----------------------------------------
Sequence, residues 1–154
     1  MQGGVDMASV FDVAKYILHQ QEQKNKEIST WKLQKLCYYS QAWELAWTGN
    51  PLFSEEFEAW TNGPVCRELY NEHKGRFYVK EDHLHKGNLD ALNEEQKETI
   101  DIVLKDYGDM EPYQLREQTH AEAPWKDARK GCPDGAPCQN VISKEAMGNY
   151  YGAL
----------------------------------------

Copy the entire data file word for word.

Sequence, residues 1–154
     1  MQGGVDMASV FDVAKYILHQ QEQKNKEIST WKLQKLCYYS QAWELAWTGN
    51  PLFSEEFEAW TNGPVCRELY NEHKGRFYVK EDHLHKGNLD ALNEEQKETI
   101  DIVLKDYGDM EPYQLREQTH AEAPWKDARK GCPDGAPCQN VISKEAMGNY
   151  YGAL